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This is the author's second bite of life in Southern California, his earlier book 'Southern California in the 50s' (ISBN 1883318491) was an exuberant looking collection of photos and graphics mixed in with the text. I thought it was rather let down by the less than rigorous image selection. 'Southern Californialand' is a much better offering which I think captures the feel of this fascinating part of the Nation.

For a start 'Southern Californialand' only uses photos and none of them are angled like the earlier book. The design is much more formal too, the photos are large, frequently one to a page or one to a spread, the very detailed captions and headings are not set in period typography either.

The 170 were mostly taken by amateurs but don't let that put you off, there are some great shots in these pages and Phoenix has wisely chosen a wide selection of places, for instance the Eastland Shopping Center, West Covina 1957, the Compton Drive-in 1977, Angel's Flight funicular railway 1956, kids enjoying an Easter party in Palm Springs 1953, Vine Street, Hollywood 1948, tract homes in Highland Park 1958, oil derricks at Signal Hill 1953 and the huge globe at Leisure World 1962.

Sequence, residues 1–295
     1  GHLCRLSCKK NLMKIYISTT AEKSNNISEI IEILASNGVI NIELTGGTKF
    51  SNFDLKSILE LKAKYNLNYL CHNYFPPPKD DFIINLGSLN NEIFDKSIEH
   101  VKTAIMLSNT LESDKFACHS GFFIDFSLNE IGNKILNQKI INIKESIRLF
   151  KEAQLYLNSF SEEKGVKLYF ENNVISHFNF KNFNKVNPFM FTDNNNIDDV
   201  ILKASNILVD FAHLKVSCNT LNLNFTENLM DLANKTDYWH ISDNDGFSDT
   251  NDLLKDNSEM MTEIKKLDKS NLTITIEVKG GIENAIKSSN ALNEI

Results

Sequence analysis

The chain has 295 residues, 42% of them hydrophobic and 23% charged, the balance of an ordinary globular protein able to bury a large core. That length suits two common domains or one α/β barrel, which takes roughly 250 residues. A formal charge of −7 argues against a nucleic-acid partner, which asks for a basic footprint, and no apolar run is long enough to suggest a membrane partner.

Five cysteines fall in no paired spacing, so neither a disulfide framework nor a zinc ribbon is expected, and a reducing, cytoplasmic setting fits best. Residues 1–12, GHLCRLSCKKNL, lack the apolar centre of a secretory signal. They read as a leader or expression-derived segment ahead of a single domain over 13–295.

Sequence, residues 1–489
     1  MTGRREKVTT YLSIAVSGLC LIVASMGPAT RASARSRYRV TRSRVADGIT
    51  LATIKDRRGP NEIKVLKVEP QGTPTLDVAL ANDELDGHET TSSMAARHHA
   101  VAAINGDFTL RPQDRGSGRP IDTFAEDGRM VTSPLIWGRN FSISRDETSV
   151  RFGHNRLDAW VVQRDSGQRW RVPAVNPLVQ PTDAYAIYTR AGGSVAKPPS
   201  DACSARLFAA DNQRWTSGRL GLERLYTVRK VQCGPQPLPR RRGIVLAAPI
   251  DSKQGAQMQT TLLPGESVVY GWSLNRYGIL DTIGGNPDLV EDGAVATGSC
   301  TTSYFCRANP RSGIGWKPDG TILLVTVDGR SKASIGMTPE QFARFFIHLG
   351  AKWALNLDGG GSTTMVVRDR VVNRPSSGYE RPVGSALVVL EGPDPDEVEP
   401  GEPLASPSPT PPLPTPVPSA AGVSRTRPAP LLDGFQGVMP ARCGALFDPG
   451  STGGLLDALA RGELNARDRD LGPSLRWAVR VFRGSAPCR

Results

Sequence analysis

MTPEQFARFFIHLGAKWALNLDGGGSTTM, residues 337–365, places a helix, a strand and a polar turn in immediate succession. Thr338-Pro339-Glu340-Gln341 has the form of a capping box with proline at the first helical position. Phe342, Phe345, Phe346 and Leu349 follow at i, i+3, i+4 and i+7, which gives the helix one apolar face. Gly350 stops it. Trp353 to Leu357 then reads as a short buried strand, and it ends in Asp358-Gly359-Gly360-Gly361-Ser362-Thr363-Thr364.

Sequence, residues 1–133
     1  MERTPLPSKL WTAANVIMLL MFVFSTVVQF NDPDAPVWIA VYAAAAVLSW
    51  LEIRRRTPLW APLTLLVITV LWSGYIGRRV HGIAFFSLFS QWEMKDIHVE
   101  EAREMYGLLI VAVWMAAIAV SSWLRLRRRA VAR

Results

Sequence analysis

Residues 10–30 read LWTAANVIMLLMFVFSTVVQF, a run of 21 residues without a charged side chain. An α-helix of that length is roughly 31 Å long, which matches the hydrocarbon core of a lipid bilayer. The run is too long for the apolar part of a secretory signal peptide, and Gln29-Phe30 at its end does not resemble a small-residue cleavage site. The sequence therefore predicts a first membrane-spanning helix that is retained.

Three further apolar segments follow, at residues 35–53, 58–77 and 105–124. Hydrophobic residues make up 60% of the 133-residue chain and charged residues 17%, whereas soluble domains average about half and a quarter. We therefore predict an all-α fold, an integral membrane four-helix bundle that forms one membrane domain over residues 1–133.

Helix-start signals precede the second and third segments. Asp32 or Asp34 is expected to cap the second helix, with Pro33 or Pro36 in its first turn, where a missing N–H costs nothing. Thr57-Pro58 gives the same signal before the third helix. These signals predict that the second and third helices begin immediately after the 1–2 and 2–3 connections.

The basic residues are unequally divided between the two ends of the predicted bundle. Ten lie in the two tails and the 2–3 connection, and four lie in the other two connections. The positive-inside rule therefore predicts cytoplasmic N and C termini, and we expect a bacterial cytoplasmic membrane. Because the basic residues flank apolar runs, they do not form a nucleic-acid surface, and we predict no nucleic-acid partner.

As well as plenty of places and events there are many showing folks having fun in the fifties (why would an amateur take a photo of someone looking glum?) and some of these are sometimes the most interesting, a super photo on page sixty-eight shows four people having a meal, nothing clever about this at all photographically but it has a wealth of information about fashion, interior decor, furniture, utensils and the food on the table. Pages twenty and twenty-one show a husband taken a photo of his wife sitting on a bench at an intersection, again a real amateur shot (I wonder why this photo of someone taking a photo was taken?) but it is full of detail, commercial strip architecture, their clothing, ads on the seat, and the street furniture. So many of these photos have this kind of detail that you can pore over.

Because these are amateur photos there are a few duds but overall I thought this was a lovely book of photo nostalgia and examples of the pop architecture that commercialism in Southern California did so well. If you lived here in mid-century this is the book to get.
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